Improving Writing skills in Children

Improving Writing skills in Children

Improving Writing skills in Children

Writing skills improvement in children differ from one child to another. Don’t panic if you notice some kids at preschool writing their names while your child doesn’t even recognize the letter his name starts with. When kids learn to write is highly variable, and this year the spread will widen. Your child’s progress depends on gender (girls gain the needed fine motor control sooner), the length of his name (Eli will have an easier time than, say, Zachariah), and what else is going on developmentally.

The importance of writing skills can never be over-stated because this forms the basis of the child’s intellect and learning.

It’s exciting when your child’s scribbles begin to look more like real letters. Some threes even start writing their name, or a few letters of it. But writing skills is one of those developmental milestones that varies greatly from child to child. Don’t stress out if your child isn’t even interested in writing.

A lot depends on fine motor development. Your child may have a clear dominant hand by now (or it may not be clear for another year or so). But it’s still hard to control a pencil to make letters with diagonal lines (M, N, K). Other letters may not look quite right either. The lines might not connect at the right place, or letters like E may have too many horizontal lines. What kids should be able to do at this age is copy a circle and make an “x.”

Regardless of where your child is on the spectrum, encourage his writing by keeping paper, fat pencils, fat crayons, and chalk within easy reach. Another way to pique interest: Pour sand, salt, or sugar onto a tray and show him how to trace letters with a finger.


Don’t panic if you notice some kids at preschool writing their names while your child doesn’t even recognize the letter his name starts with. When kids learn to write is highly variable, and this year the spread will widen. Your child’s progress depends on gender (girls gain the needed fine motor control sooner), the length of his name (Eli will have an easier time than, say, Zachariah), and what else is going on developmentally. 

It’s exciting when your child’s scribbles begin to look more like real letters. Some threes even start writing their name, or a few letters of it. But writing is one of those developmental milestones that varies greatly from child to child. Don’t stress out if your child isn’t even interested in writing.

A lot depends on fine motor development. Your child may have a clear dominant hand by now (or it may not be clear for another year or so). But it’s still hard to control a pencil to make letters with diagonal lines (M, N, K). Other letters may not look quite right either. The lines might not connect at the right place, or letters like E may have too many horizontal lines. What kids should be able to do at this age is copy a circle and make an “x.”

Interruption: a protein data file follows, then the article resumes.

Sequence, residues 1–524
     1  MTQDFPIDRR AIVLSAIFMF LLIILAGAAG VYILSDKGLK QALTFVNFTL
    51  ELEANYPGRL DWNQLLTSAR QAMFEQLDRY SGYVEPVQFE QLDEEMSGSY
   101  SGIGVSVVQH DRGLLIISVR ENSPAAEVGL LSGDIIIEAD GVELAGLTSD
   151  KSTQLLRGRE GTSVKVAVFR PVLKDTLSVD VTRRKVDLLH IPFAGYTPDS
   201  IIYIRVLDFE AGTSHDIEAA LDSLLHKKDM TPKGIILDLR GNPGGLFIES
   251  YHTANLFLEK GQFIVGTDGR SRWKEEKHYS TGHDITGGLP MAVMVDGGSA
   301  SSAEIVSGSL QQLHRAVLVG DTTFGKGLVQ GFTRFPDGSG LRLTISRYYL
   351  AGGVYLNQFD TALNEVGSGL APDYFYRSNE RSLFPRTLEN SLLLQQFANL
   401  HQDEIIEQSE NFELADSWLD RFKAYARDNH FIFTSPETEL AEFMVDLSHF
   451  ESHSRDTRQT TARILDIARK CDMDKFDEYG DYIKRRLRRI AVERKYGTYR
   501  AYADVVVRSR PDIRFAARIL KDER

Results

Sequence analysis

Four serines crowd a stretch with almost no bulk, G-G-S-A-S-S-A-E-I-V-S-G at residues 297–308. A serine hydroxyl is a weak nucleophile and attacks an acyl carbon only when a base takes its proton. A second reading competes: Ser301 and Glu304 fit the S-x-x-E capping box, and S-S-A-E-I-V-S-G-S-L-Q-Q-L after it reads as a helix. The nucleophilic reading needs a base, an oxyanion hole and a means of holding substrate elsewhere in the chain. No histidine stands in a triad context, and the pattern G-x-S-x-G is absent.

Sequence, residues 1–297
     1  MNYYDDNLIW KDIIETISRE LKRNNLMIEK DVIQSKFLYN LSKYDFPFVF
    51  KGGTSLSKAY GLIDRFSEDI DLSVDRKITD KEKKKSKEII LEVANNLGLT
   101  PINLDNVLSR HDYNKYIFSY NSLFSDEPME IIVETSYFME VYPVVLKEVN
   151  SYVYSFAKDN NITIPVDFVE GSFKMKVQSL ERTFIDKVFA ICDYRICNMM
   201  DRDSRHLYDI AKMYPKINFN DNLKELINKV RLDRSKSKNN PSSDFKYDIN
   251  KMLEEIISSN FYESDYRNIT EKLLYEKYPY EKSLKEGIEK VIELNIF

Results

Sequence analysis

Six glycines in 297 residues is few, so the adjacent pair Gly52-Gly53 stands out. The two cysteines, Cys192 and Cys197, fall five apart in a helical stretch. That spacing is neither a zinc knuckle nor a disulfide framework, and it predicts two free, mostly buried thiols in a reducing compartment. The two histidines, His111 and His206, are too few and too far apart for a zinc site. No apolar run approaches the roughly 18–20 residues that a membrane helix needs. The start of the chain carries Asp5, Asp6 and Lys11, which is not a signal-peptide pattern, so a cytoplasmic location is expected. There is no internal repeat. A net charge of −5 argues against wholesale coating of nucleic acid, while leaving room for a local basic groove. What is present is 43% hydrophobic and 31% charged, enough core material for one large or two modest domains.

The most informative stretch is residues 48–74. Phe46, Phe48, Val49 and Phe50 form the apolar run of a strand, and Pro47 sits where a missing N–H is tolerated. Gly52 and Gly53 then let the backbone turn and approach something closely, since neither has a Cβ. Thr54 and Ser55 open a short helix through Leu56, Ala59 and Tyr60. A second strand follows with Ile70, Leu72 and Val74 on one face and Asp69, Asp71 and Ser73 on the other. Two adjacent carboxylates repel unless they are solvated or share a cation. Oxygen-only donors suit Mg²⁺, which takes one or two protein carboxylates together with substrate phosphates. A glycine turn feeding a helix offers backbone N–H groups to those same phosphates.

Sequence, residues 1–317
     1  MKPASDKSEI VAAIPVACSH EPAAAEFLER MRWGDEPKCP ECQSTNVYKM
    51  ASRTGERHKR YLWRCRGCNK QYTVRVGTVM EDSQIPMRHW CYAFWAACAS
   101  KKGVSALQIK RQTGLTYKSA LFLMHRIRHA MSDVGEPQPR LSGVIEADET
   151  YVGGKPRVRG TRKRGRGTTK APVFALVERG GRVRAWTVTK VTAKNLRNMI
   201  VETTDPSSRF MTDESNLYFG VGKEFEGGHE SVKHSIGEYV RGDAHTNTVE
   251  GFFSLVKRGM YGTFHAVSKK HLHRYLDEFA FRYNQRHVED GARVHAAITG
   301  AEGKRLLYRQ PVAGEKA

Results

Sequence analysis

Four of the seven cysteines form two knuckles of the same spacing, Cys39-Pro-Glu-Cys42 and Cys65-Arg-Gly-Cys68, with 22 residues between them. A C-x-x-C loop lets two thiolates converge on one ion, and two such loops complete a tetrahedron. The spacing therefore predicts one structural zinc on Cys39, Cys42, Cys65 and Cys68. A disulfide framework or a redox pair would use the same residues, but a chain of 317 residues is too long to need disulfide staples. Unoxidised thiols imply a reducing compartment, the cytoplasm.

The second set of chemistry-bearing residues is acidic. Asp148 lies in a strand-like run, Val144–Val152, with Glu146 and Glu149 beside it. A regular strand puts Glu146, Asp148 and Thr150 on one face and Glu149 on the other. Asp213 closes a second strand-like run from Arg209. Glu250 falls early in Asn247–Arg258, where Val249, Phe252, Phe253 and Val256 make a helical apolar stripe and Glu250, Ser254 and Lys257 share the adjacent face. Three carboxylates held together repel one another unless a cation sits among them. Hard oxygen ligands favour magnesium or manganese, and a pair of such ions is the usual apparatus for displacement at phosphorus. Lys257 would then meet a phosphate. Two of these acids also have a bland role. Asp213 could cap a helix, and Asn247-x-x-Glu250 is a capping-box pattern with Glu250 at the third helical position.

Regardless of where your child is on the spectrum, encourage his writing by keeping paper, fat pencils, fat crayons, and chalk within easy reach. Another way to pique interest: Pour sand, salt, or sugar onto a tray and show him how to trace letters with a finger.

Don’t panic if you notice some kids at preschool writing their names while your child doesn’t even recognize the letter his name starts with. When kids learn to write is highly variable, and this year the spread will widen. Your child’s progress depends on gender (girls gain the needed fine motor control sooner), the length of his name (Eli will have an easier time than, say, Zachariah), and what else is going on developmentally.

It’s exciting when your child’s scribbles begin to look more like real letters. Some threes even start writing their name, or a few letters of it. But writing is one of those developmental milestones that varies greatly from child to child. Don’t stress out if your child isn’t even interested in writing.

A lot depends on fine motor development. Your child may have a clear dominant hand by now (or it may not be clear for another year or so). But it’s still hard to control a pencil to make letters with diagonal lines (M, N, K). Other letters may not look quite right either. The lines might not connect at the right place, or letters like E may have too many horizontal lines. What kids should be able to do at this age is copy a circle and make an “x.”

Regardless of where your child is on the writing skills spectrum, encourage his writing by keeping paper, fat pencils, fat crayons, and chalk within easy reach. Another way to pique interest: Pour sand, salt, or sugar onto a tray and show him how to trace letters with a finger.

Here’s a LINK to other great products that would help you achieve this.

Get the best baby care products HERE


One thought on “Improving Writing skills in Children

  1. Thank you for another fantastic article. Where else could anyone get that type of information in such an ideal way of writing? I’ve a presentation next week, and I’m on the look for such info.

Leave a Reply

Your email address will not be published. Required fields are marked *